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10.6: Snow Leopard DVD is full OS X install disc
Authored by: TonyT on Oct 17, '09 05:49:25AM

>You quoted section C which relates to Leopard Upgrade Licenses.

Only because it applies. Apple only sells an upgrade disk. Clearly stated on the Apple Website.
I'm amazed at the lengths that people go to (based on these posts) to convince themselves that they've done nothing wrong in order to save a hundred bucks.



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10.6: Snow Leopard DVD is full OS X install disc
Authored by: mantrid on Oct 17, '09 06:14:45AM

> Apple only sells an upgrade disk.

So your position is that section C applies to all 10.6 disks, and that all 10.6 disks require a prior installation of Leopard.

That is clearly incorrect considering the first sentence of section C begins "If you have purchased an Upgrade for Mac OS X Leopard license...", the "If" indicating that other types of license to which section C does not apply exist. Furthermore, section A. begins "Subject to the terms and conditions of this License, unless you have purchased a Family Pack or Upgrade license for the Apple Software"... again implying that section C only applies to a subset of cases.

And if you are claiming that Apple only sells an upgrade disk and therefore must have Leopard preinstalled regardless, that means even if 10.4 users buy a Box Set, they would still be ineligible to install it since they don't already have Leopard.

With no indication on the packages as to what licenses are in effect, the situation isn't nearly as black and white as you assert. All Apple would have to have done to make it clear is put "Single Use" license or "Upgrade License" on the box.

Oh, and for the record, I haven't paid a cent for Snow Leopard so it's all academic to me.



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10.6: Snow Leopard DVD is full OS X install disc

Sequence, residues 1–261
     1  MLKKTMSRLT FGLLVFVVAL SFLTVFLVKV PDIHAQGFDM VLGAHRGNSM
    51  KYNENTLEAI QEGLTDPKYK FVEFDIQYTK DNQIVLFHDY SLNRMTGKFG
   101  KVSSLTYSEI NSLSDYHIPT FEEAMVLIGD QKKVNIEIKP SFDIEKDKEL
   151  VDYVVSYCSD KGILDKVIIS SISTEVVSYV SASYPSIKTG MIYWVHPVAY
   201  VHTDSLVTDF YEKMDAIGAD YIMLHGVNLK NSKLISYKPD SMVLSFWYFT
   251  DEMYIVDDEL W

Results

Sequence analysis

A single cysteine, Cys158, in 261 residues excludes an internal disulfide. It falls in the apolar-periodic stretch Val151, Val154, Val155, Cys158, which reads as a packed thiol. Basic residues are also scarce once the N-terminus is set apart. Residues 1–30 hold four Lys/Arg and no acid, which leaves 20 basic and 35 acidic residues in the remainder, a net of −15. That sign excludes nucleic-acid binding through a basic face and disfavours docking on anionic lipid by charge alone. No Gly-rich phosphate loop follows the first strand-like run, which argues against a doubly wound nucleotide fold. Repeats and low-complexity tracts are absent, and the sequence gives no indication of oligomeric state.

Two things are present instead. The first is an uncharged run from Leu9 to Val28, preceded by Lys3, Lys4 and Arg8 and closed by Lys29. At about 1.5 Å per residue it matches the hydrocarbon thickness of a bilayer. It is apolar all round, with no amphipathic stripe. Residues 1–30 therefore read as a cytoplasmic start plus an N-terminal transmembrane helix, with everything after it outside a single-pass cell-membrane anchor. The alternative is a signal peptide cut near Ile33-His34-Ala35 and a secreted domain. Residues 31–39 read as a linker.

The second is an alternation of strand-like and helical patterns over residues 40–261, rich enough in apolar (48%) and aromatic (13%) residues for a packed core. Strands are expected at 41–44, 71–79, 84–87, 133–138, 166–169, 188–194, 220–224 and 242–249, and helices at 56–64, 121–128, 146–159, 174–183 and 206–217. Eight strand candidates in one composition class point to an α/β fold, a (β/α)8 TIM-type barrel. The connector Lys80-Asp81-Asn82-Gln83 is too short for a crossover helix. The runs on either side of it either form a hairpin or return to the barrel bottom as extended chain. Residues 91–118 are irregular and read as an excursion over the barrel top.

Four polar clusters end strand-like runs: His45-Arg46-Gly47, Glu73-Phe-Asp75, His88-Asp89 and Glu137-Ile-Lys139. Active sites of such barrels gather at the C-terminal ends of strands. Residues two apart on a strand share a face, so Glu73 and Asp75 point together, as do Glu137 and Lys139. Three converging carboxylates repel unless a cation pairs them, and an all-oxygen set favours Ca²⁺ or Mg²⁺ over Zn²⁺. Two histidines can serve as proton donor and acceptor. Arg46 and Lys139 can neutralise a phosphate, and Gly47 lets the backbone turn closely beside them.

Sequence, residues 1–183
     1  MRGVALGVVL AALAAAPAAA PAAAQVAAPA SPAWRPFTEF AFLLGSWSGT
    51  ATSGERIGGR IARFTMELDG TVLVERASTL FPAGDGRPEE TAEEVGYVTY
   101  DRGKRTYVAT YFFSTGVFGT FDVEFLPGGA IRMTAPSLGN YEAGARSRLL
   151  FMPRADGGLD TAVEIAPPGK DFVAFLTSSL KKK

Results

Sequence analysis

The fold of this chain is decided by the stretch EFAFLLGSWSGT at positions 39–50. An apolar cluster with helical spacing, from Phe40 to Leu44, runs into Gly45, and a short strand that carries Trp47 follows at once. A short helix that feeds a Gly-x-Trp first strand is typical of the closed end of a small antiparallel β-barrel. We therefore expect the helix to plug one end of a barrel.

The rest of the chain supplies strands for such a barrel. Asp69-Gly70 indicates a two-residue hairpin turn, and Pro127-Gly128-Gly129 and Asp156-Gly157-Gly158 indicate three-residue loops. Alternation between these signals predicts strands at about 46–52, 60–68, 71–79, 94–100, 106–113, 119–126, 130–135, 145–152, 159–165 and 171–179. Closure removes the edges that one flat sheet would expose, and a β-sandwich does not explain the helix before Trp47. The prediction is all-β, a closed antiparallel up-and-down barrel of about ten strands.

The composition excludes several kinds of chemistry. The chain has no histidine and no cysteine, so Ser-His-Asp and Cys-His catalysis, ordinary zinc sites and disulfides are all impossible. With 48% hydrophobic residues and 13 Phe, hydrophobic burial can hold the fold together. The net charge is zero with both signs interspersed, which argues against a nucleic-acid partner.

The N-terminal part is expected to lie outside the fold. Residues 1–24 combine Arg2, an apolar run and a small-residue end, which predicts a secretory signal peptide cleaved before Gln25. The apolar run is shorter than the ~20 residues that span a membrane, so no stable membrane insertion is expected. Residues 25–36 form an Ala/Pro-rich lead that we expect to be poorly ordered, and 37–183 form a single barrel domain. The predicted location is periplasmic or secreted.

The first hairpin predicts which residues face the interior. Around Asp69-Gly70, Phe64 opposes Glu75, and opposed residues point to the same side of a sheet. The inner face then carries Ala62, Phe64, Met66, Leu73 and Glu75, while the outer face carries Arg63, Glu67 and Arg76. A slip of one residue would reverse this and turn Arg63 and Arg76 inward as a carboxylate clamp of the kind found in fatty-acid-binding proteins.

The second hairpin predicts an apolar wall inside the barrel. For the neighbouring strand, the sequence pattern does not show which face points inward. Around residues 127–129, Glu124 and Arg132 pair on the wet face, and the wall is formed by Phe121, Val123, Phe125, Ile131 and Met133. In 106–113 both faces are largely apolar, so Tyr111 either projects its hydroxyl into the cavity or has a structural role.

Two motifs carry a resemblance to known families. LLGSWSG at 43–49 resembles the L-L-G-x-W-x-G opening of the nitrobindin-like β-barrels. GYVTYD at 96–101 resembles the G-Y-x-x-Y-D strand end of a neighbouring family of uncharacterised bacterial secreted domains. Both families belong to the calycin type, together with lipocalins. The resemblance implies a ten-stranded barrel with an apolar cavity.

Authored by: TonyT on Oct 17, '09 07:09:21AM

>So your position is that section C applies to all 10.6 disks, and that all 10.6 disks require a prior installation of Leopard.

No, Apple used the same disk, however, per the SLA (which users agree to) , Tiger users must use the Mac Box Set.

All legalese aside, Apple's intent is perfectly clear.

>Oh, and for the record, I haven't paid a cent for Snow Leopard so it's all academic to me.

Oh, so I guess I should 'interpret' that statement to mean that you borrowed a friends disk to install on your machine. Or do you mean that you use Windows? I guess its up to me to decide.



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10.6: Snow Leopard DVD is full OS X install disc
Authored by: mantrid on Oct 17, '09 09:09:44AM

> All legalese aside, Apple's intent is perfectly clear.
How convenient that you choose to set aside the "legalese" when your interpretation of the license agreement has been challenged after you attempted to subject all Apple disks (unwittingly including Box Set customers in the sweeping statement) to clause C. You can't set aside the "legalese" because when it comes down to it, the "legalese" is the only thing relevant to this discussion. The clauses are outlined clearly in the license agreement but the relationship between the clauses and which products they apply to is not.

As you said in your other post, leaving the "family pack" versions out of the discussion, there are $9.95 (or free for the software if you call that shipping and handling), $29 and $169 packages available for purchase to upgrade to Snow Leopard. There are only two relevant clauses in the license agreement, "A: Single Use" and "C: Upgrade", but there are three packages. Which versions fall under which clauses? Quoting the passage you yourself quoted,
> The Snow Leopard single user license will be available for a suggested retail price of $29 (US)

That sure sounds to me like Section "A: Single Use", more so than section "C: Upgrade", applies to the $29 disk. Are you still unwilling to concede that there is ambiguity? Since this seems to tie the specific product to the specific clause in the license agreement, I think that weakens the case for your interpretation that clause A does not refer to the $29 version although I wouldn't consider the quote to be binding as much as the actual license agreement and what is on the box.

> Oh, so I guess I should 'interpret' that statement to mean that you borrowed a friends disk to install on your machine. Or do you mean that you use Windows? I guess its up to me to decide.